What Is an HRA, HSA and FSA?
Health reimbursement arrangements, health savings accounts and flexible spending accounts are all tax-advantage accounts that help you save on healthcare. These are the basic similarities and differences between them.
Please note: HRAs and FSAs are only available through an employer. HSAs are available to people who purchase health coverage through an employer OR on their own through an Exchange/Marketplace or directly from a health insurance company like CareFirst.
- Owned by your employer
- You can't contribute to it
- Funds do not roll over and stay with the employer if you leave the company
Health Savings Account
- You own it
- Both you and your employer can contribute to it
- Unused funds roll over year to year
- You can invest funds like a retirement account to grow it
Flexible Spending Account
- You own it
- You can contribute to it, but employer contributions depend on your individual plan
- Funds left over at the end of the year will expire
Learn More About Each Account
A health reimbursement arrangement (HRA) is an account your employer owns and deposits a predetermined amount into each year for qualified healthcare expenses, such as copays, flat doctor or specialist fees and medical supplies. The money your employer contributes to your HRA is not taxed as a part of your income.
It's important to note that only your employer can put money into the HRA; you can't contribute. Leftover funds you haven't used by the end of the year or when you leave the company are returned to the employer.
Is an HRA right for you? It might be if:
- You don’t qualify for an HSA, or a high deductible plan (HDHP) doesn’t fit your needs.
- You need some help with medical costs that your insurance may not cover.
An HSA is an account you own. You or your employer can deposit money into it for future healthcare expenses. Money saved in an HSA is not treated as taxable income.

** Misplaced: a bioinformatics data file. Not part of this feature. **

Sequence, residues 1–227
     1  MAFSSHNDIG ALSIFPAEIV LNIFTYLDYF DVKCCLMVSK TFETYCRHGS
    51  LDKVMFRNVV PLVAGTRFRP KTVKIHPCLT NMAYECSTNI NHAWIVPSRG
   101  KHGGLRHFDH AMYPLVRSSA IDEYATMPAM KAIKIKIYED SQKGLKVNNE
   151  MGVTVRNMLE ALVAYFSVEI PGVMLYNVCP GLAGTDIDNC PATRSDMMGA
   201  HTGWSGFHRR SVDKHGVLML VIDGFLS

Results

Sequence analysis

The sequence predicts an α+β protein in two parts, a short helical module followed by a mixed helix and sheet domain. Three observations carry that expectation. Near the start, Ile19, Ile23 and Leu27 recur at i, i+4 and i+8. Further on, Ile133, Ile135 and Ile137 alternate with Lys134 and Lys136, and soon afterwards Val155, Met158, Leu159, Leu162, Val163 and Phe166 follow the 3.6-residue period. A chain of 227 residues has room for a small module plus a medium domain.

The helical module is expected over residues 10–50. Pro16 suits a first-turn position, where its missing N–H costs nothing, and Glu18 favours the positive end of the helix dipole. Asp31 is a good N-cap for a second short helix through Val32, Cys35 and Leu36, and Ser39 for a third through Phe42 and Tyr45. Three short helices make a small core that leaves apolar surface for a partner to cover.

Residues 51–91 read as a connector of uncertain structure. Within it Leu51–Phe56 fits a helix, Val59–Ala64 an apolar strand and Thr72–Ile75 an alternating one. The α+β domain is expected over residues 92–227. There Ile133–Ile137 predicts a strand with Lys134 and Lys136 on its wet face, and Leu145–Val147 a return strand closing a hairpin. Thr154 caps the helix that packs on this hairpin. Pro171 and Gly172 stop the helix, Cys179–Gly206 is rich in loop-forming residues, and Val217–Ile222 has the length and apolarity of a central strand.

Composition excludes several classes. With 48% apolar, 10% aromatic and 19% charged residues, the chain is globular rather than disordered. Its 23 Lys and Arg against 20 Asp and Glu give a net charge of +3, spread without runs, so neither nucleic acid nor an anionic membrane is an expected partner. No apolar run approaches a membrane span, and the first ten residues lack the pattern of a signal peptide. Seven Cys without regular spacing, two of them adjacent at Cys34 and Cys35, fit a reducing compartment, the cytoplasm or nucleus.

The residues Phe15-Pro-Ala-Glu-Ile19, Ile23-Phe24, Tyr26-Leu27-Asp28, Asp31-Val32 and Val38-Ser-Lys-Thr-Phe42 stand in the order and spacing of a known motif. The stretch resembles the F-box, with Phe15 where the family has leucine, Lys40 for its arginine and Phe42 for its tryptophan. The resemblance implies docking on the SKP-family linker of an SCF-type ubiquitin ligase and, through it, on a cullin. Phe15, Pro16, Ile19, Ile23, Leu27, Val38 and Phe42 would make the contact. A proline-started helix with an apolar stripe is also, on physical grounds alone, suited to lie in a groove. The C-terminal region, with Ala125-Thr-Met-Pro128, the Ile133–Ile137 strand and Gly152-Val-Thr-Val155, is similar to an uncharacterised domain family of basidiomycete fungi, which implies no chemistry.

You can use these funds to pay for doctor visits, medical supplies and other out-of-pocket expenses, like vision and dental care. The IRS determines which medical expenses can be paid out of an HSA, so be sure to save all your receipts.
You can only qualify for an HSA if enrolled in a high deductible health plan (HDHP).
Compared to traditional health plans, HDHPs require you to pay more out-of-pocket expenses before insurance benefits kick in. However, you usually have a lower monthly payment. Plus, you can use your HSA to help pay for those expenses and offset the higher deductible cost.
Because your employer may contribute to your HSA, they also help to offset the higher out-of-pocket costs your insurance doesn't cover. You can also grow your HSA funds by investing in stocks, mutual funds and other investments. Your HSA earns interest, and as it grows, you will never pay taxes on any increase in value.
There is no "use it or lose it" rule, either. Because you own the account, the funds are there whenever you need them. The money you contribute to your HSA will roll over forever.
Is an HSA right for you? It might be if:
- You have predictable or high healthcare expenses, and setting aside money that will not be taxed as income can help pay these expenses.
- You want to save money now for health expenses when you're older, tax-free.
- Your employer contributes to your HSA, adding to the funds you can use on qualifying healthcare expenses.
Unlike an HSA, you don't need a specific healthcare plan to be eligible for a flexible spending account (FSA). But like an HSA, you can contribute money to an FSA without paying any taxes. Use FSA funds to pay for doctor visits, out-of-pocket costs, medical devices and prescription medications. Unused funds do not roll over at the end of the year—you will lose any unspent contributions.
Is an FSA right for you? It might be if:
- You don’t qualify for an HSA.
- You have ongoing medical needs with predictable costs (so you know what to contribute).
- You have regular over-the-counter medication expenses.